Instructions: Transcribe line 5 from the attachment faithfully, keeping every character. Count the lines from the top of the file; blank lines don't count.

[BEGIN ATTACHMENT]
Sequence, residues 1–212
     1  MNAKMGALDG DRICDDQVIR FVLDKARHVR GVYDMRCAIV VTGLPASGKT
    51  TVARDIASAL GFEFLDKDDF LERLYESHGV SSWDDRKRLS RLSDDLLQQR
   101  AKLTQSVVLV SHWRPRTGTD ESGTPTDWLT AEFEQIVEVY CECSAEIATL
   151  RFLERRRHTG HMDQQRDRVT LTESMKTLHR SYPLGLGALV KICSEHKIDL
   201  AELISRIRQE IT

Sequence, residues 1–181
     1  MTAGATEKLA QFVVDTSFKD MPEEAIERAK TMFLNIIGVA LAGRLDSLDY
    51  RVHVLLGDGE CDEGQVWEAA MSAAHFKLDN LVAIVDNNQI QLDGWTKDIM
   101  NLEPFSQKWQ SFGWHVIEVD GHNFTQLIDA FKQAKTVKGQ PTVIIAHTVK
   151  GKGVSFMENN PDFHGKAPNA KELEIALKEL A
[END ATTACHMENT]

   151  RFLERRRHTG HMDQQRDRVT LTESMKTLHR SYPLGLGALV KICSEHKIDL